The Most Popular Baby Names in Texas, or What Not to Name Your Children For The Next 5-10 Years

My mother, bless her, didn’t know the sort of inconveniences she was saddling me with when she named me. When she was growing up, in the 1960s, there were relatively few children named “Jason” to be found. She didn’t know that, in the 1970s, when I was born, “Jason” would see a sudden surge in popularity, to the point where it was the third-most popular name for newborn boys. She didn’t know. She just liked the name.

And so, there was I was, the first day of kindergarten with two other boys named Jason in my class. My teacher informed me that I would be known as “Jason H.” And so I remained, saddled with having to use that additional initial, throughout elementary school. As I got older, attending a larger junior high and high school, it only got worse. There was a mix-up in a Little League baseball draft because there was another boy in my town, swear to God, who was named “Jason Head.”  A coach had made an incorrect assumption that there’d been a typo on the list of players, and one of us (OK, me) ended up being dropped from the list and went undrafted.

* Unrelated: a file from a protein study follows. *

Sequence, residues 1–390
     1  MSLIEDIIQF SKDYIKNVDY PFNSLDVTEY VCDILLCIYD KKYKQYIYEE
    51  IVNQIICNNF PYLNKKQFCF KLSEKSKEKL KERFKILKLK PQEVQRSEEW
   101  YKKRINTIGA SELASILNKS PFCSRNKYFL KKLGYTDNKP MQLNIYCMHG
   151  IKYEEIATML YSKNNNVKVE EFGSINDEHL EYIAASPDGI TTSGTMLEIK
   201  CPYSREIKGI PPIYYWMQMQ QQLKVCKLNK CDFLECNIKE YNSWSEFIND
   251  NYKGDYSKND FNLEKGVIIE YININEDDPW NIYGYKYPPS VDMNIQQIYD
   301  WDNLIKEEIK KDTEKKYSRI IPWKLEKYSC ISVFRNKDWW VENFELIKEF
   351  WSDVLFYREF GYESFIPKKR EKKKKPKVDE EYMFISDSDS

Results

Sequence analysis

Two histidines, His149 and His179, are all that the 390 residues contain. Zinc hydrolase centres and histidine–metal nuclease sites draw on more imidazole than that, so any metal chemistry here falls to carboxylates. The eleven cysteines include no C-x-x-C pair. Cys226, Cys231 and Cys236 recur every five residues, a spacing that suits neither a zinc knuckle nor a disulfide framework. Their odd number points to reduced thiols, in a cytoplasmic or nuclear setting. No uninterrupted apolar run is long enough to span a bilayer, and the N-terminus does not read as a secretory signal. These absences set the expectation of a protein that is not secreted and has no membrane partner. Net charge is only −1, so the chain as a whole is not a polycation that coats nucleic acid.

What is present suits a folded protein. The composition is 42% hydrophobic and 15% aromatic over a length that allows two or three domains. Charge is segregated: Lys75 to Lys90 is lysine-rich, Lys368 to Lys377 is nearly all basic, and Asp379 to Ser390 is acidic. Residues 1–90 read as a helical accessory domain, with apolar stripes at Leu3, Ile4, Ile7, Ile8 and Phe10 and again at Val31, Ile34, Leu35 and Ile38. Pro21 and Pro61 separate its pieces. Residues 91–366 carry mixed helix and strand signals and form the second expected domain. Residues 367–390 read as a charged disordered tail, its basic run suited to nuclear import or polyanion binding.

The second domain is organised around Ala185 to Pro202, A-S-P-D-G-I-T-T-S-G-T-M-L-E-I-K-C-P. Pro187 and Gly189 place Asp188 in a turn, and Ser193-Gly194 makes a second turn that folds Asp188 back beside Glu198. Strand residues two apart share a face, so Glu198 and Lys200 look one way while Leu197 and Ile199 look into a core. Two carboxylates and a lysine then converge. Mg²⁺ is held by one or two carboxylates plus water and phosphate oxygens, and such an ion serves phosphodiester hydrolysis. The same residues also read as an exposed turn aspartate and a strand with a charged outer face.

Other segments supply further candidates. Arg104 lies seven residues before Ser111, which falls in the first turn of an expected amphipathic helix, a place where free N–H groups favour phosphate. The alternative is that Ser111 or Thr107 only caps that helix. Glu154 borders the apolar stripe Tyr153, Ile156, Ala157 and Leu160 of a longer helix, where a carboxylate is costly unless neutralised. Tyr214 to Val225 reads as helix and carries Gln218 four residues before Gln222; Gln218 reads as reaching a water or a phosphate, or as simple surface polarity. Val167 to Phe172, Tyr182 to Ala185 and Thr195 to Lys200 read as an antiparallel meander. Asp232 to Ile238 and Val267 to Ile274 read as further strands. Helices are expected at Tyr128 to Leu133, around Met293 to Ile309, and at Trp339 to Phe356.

All of this is a preface to saying to you expectant parents out there: Don’t do this to your children. Below is a list of the 10 most popular baby names in Texas for 2011.

Avoid any name that ranks currently in the top 10, at least. Maybe even the top 20.  Otherwise your child will always suspect you’re lying when you tell him he’s special:

1 Jacob 2,030 Sophia 2,180
2 Jayden 1,876 Isabella 2,060
3 Daniel 1,728 Emma 1,713
4 Jose 1,702 Mia 1,480
5 David 1,604 Emily 1,439
6 Ethan 1,579 Abigail 1,304
7 Noah 1,510 Olivia 1,211
8 Aiden 1,475 Ava 1,149
9 Angel 1,473 Camila 1,037
10 Christopher 1,472 Sofia 1,031

(The number on the right is the number of children registered with Social Security with that name in the state for the year.)


  • Daisy Mae

    My 7-year-old’s teammates’ names: Hailey, Hayley, Kyleigh, Kyler, Makayla, Baylee, Bailey, Harley, Kaiden, and Berkley. Or as I like to call them, “white girl names.”